A fast-developing emerging-market economy had expanded its health care sector significantly and seen substantial improvements in population health. Nevertheless, the nation’s health system remained highly fragmented, with gaps in care provision, health care regulation, and use of state-of-the-art technology. As a result, the country’s health outcomes lagged considerably behind global averages.
To address these shortcomings, the country’s government embarked on a major reform effort, including a reorganization of the country’s Ministry of Health. Previously, the Ministry had been responsible not only for financing and regulating care but also for actually providing it through a network of government-run hospitals. The new model assigned these three functions to separate entities. The purpose of the change was to increase transparency and ensure efficiency and accountability. But it led to uncertainty about the Ministry’s future role.
When we benchmarked the country’s existing governance system against leading health systems, we found it to be relatively immature. In some areas, multiple agencies were doing more or less the same things, with unclear accountability. In others, appropriate governance simply did not exist. By incorporating best practices from around the world, however, the country could create a best-in-class governance system.
In the new model, the Ministry of Health will function as the single national health regulator, working in collaboration with independent specialized regulators that will exercise primary responsibility in areas such as regulating food, drugs, and medical devices; tracking health outcomes and system quality; and funding biomedical research and development. To implement the new model, the country has embarked on a multiyear transformation journey, as detailed in an implementation roadmap consisting of more than 70 separate initiatives.
Integrating Prevention with Treatment
When most people think about health care, they tend to focus on the treatment of disease and on the complex network of providers, drug companies, and medical device makers responsible for delivering treatment to patients. In a world where major chronic diseases are becoming increasingly prevalent and now account for a major portion of health care costs, preventing disease is as important as treating it. And yet, many important interventions to prevent disease are not typically viewed as being integral to medical care. Examples include efforts to address socioeconomic determinants of health or patient life-style choices. Too often, budgets for preventive activities stretch across multiple payers and government agencies, creating obstacles to coordination, planning, and more rational resource use. The result is systematic underinvestment in prevention and public health.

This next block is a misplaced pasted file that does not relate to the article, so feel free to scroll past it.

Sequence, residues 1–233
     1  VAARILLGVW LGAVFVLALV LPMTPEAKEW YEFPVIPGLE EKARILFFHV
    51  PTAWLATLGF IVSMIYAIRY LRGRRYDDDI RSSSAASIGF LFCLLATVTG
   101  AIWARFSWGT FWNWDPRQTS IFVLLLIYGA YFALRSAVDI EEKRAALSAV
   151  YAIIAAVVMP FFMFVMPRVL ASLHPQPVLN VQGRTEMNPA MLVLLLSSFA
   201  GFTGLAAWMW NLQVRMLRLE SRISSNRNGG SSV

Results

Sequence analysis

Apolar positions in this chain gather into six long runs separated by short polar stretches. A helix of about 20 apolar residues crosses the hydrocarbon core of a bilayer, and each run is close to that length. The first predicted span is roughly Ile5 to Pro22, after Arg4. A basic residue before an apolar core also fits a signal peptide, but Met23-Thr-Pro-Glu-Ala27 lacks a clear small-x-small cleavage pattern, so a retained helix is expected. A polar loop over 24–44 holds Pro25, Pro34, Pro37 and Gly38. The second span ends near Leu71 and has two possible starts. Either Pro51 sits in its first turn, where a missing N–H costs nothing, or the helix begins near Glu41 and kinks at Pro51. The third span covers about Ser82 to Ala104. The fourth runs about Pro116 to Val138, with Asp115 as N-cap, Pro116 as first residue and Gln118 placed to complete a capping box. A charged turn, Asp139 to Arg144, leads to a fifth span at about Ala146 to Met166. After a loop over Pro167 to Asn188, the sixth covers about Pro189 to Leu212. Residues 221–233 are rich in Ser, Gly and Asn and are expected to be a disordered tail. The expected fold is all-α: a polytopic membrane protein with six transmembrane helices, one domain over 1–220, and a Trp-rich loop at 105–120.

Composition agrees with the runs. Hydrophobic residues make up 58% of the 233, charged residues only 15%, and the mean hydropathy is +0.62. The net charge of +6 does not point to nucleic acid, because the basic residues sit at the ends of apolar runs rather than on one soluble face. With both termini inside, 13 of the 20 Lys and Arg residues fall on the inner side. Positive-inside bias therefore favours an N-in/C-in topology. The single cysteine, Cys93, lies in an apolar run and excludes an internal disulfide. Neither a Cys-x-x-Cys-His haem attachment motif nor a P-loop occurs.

Consequently, a second key design issue that health care leaders should consider is how to integrate prevention and treatment, so that the system can support explicit tradeoffs between the investments in each domain. Key levers for addressing this issue include the design of the budgeting process for the health care sector, the creation of value-based payment and reimbursement models, and licensing requirements that promote more integrated and multidisciplinary end-to-end provider networks. These dimensions of governance were a major focus of our work with the national health system of a European country. (See “Creating a More Holistic Approach to Health Sector Governance.”)
A European country with an advanced health care system and a strong national regulator was struggling with rising health care costs in an aging society where chronic diseases account for a growing proportion of the overall disease burden. To control costs, the government launched a structural reform of the health system aimed at improving health care value by more closely integrating the provision of care with public health and the prevention of disease, by shifting the financing system from fee-for-service to value-based financing, and by increasing coordination across providers.
Making these changes required a far more holistic approach to health sector governance than had previously existed. The country’s traditional governance system was complex and fragmented. The national health insurance system financed the provision of care, but many different federal and regional government agencies managed different parts of the care delivery system. Meanwhile, an entirely separate public health system set norms for prevention.
This network of strong, independent governance entities was quite good at managing the separate components of the health system. But it was dysfunctional at developing comprehensive and integrated responses to the challenges associated with value-based health care—for example, balancing disease prevention and disease treatment, developing a global health informatics system to track health outcomes, and developing end-to-end approaches to care delivery. Since each administrative entity tended to optimize efforts to achieve its immediate objectives, addressing issues that cut across multiple administrative areas was extremely difficult. As a result, the issues tended either to fall through the cracks of the governance system or—worse—to become sources of conflict among administrative units competing for influence and control.